Friday, March 25, 2011

Azerbaijan's incomparable and unique Natig Rhythm Group

Last night, Washington's refurbished (with historical correctness made possible and inspired by the cultural re-invention of the nation's capital beginning in the 1980s) Lincoln Theatre, was the venue for an extraordinary double-barreled concert of Azerbaijani music. The theatre, opened first in 1922, and thereafter Washington's equivalent of New York's iconic Apollo Theater as the premier public home for the city's African-American cultural events during the following decades of American racial segregation, was closed in 1968 following the devastating riots which followed the assassination of Dr. Martin Luther King, Jr.

The Lincoln Theatre was reopened, fully restored, in 1994, and I find it quite moving that the multi-culturalization of Washington made the theatre a worthy venue for a major concert of the contemporary music of Azerbaijan--one of the many newly independent nations to emerge after the fall of the Soviet Union.

I also find it wonderfully exciting that the first half (more on the second part of the evening to come in a later post) of last night's performance by the astonishing "Rhythm Group" of Natig Shirinov (see picture above by Zanyasan Tanantpapat, used with permission, courtesy of the Karabakh Foundation)--which stunned me with its bone-shaking energy and brain-teasing precision--was available (potentially) in video and sound to the entire world only six hours later on YouTube (see my initial posting this year on the wonders of the Internet. . . .) There were several fixed video cameras in the auditorium last night, as well as a single balletic videographer (doing a pas-de-deux with the stubbornly independent SteadiCam as a mechanical dance partner, the two weaving among the performers on stage with feline grace) felt a special frisson this morning when, on a hunch, I began a search on YouTube for some trace of last night's musical miracle, and found that I was able to be the first to view, not one, but two video clips (see them here, and, yet again, here) put up by a YouTube entity known as "Ambrosian Beads" (more to come of my related identity search later).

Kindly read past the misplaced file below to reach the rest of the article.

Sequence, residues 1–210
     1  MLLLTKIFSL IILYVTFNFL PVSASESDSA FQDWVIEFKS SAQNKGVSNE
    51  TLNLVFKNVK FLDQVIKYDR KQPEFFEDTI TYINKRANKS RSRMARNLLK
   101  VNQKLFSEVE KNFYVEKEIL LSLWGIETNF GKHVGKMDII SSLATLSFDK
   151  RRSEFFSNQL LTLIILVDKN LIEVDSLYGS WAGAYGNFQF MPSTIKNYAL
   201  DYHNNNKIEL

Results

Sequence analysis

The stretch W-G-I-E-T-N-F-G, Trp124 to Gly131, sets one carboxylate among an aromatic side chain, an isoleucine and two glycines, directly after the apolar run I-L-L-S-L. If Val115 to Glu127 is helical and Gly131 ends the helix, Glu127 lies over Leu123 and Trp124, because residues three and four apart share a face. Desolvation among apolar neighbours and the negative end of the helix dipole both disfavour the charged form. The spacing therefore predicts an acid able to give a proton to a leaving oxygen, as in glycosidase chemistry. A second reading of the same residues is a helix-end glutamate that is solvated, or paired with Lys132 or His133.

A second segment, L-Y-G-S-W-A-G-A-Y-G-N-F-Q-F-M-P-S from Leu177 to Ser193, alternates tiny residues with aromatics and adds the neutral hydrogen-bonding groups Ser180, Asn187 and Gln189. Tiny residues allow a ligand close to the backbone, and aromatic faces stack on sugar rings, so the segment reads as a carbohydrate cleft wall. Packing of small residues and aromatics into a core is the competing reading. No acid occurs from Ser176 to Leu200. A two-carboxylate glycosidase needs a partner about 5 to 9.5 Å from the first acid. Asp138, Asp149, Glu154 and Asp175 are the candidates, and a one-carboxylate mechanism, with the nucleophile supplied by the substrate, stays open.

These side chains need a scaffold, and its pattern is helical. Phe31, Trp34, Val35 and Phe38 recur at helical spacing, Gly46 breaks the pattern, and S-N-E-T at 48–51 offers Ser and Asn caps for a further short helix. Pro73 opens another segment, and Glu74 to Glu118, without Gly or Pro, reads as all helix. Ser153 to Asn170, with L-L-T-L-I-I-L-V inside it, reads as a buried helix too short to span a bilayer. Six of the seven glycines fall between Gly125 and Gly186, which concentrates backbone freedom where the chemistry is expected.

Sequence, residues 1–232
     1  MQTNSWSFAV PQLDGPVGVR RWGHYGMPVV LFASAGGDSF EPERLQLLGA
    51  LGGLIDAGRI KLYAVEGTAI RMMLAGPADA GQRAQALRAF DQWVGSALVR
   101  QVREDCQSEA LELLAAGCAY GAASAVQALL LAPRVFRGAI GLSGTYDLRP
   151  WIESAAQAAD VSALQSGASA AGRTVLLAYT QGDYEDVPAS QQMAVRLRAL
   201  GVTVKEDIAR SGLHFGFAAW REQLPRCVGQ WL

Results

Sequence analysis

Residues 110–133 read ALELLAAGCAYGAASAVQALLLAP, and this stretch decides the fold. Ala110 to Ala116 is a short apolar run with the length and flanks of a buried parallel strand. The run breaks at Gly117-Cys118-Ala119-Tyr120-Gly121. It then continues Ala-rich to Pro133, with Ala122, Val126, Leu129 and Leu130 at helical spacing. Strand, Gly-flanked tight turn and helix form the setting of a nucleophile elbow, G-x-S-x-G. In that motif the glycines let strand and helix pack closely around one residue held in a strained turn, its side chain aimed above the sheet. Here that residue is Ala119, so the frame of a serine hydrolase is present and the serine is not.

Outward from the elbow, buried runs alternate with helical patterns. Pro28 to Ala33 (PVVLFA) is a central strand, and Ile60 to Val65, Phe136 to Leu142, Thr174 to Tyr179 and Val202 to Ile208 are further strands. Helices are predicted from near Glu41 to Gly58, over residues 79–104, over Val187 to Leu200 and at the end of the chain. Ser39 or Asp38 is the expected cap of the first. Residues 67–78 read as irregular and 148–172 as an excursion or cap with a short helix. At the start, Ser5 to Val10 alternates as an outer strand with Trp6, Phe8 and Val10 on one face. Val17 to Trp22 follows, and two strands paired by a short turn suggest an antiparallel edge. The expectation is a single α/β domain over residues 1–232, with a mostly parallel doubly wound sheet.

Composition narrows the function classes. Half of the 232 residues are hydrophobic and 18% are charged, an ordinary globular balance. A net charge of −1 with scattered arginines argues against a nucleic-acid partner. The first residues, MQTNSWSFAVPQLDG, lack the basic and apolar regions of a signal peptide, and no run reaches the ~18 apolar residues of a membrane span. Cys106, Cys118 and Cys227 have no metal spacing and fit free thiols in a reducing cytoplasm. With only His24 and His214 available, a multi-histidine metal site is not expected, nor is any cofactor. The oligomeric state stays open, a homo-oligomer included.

If you see the video clips, you'll be able to capture some of the galvanizing effect of Shirinov and his troupe of amazing drummer/musicians. And speaking of the wonders of the digital age, you can see them not only in a 480p setting, but in an even higher resolution setting on DivX HiQ.

Shirinov's primary instrument, the nagara, is said to be the national drum of Azerbaijan. (I had previously encountered a cognate Indian drum, the naqqara, and discover that the instrument occurs widely in the Middle East and Central Asia as well. ) As you can see in the videos, it is a percussion instrument of rather simple cylindrical structure. The first notes played by Shirinov, after the house lights had dimmed, were highlighted (literally) by a bright electrical bulb inside the drum, whose heat is used in many Middle Eastern drums to maintain the tension--and hence the pitch--of the instrument's animal-skin head, and whose brilliance in this case inaugurated with a magical luminosity the ensemble's subsequent performance. As for the technical brilliance, the virtuosity of Shirinov and his colleagues, I can only continue the metaphor by saying that it was nothing short of electrifying.